The Revenge of the Special Relationship
Of all the older democracies, it is in Britain and the United States that right-wing populists have taken over conservative parties and rule their respective countries. This is not an accident, but rather an outcome that has been 75 years in the making.
NEW YORK – Seventy-five years ago, the prestige of the United States and the United Kingdom could not have been higher. They had defeated imperial Japan and Nazi Germany, and they did so in the name of freedom and democracy. True, their ally, Stalin’s Soviet Union, had different ideas about these fine ideals, and did most of the fighting against Hitler’s Wehrmacht. Still, the English-speaking victors shaped the post-war order in large parts of the world.
The basic principles of this order had been laid down in the Atlantic Charter, drawn up in 1941 by Winston Churchill and President Franklin D. Roosevelt on a battleship off the coast of Newfoundland. What they had in mind, after the eventual defeat of the Axis powers, was a world of international cooperation, multilateral institutions, and the right of peoples to be independent and free. Although Churchill resisted extending this right to Britain’s colonial subjects, Roosevelt believed that the Anglo-American relationship was too important to quarrel about it too much.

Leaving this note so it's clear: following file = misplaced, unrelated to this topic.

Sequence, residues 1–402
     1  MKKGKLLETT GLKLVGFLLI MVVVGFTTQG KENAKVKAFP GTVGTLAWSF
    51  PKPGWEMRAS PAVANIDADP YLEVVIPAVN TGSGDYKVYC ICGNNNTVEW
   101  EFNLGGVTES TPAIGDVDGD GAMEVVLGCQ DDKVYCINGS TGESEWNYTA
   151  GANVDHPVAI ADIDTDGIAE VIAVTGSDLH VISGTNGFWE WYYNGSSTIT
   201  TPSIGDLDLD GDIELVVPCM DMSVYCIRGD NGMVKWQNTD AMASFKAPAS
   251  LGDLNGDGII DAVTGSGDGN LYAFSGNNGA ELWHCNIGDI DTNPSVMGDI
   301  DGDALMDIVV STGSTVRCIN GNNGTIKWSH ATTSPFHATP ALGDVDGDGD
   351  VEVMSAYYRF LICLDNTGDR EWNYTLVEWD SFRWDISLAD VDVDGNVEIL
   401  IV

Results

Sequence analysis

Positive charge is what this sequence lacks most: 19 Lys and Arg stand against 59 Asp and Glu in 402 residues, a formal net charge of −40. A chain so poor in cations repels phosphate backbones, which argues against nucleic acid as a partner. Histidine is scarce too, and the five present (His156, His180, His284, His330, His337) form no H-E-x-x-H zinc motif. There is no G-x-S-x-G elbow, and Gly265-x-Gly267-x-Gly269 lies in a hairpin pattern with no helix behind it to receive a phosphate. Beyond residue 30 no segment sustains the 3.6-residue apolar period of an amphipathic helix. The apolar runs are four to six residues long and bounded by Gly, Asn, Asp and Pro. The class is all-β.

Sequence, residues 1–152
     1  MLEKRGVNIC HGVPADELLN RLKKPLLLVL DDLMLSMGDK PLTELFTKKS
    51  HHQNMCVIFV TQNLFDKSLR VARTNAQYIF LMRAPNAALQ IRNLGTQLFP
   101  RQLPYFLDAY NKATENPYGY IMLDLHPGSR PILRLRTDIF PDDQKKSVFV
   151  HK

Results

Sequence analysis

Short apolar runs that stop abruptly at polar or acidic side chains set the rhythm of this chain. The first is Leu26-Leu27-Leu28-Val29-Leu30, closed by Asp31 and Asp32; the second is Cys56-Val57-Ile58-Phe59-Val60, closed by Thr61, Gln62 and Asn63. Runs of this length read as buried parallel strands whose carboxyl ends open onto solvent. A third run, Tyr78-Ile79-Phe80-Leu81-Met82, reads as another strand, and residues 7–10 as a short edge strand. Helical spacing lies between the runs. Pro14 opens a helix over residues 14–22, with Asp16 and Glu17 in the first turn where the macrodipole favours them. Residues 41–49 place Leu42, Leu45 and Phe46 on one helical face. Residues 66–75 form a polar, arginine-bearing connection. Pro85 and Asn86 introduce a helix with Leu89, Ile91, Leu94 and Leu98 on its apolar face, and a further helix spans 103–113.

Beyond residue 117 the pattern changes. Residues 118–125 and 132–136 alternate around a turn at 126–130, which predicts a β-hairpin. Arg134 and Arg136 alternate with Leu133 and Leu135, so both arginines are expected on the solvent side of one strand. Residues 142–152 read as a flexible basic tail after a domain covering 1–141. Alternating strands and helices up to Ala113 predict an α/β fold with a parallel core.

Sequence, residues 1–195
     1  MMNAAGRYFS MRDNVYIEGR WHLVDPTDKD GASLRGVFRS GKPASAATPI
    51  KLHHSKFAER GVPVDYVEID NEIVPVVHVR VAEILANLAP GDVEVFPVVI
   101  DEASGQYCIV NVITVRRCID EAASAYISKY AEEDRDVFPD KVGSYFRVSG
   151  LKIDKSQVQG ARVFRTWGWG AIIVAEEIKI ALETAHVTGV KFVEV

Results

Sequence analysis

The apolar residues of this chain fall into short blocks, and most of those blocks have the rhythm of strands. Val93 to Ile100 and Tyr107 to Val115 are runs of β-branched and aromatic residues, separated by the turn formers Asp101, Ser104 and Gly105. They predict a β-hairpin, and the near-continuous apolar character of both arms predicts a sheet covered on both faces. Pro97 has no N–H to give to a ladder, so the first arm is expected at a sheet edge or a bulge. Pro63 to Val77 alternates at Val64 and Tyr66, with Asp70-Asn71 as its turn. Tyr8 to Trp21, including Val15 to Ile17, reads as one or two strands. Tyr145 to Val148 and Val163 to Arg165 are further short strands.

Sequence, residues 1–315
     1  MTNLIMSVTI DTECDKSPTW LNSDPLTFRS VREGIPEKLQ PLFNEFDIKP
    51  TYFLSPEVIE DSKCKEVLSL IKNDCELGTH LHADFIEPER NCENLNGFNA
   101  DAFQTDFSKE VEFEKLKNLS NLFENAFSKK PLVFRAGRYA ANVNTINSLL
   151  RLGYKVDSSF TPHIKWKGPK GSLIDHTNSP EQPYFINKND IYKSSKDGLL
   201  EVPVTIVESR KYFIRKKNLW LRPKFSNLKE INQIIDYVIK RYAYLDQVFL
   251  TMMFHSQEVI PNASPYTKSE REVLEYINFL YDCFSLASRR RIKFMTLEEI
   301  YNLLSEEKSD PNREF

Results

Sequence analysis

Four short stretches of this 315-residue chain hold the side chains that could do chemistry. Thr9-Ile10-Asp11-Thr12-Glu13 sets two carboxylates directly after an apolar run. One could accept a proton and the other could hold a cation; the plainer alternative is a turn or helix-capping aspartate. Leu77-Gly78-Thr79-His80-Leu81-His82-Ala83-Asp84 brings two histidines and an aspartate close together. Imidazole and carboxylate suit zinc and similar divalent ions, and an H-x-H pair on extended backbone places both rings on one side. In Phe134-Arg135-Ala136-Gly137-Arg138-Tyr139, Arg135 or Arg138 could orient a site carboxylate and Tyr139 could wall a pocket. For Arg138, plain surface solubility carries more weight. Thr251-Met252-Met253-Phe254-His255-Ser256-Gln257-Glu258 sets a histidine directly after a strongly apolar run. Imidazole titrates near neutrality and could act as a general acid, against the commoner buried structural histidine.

For many decades, despite a number of reckless wars, eruptions of Cold War hysteria, and opportunistic support for some very undemocratic allies, the UK and the US maintained their image as models of liberal democracy and internationalism.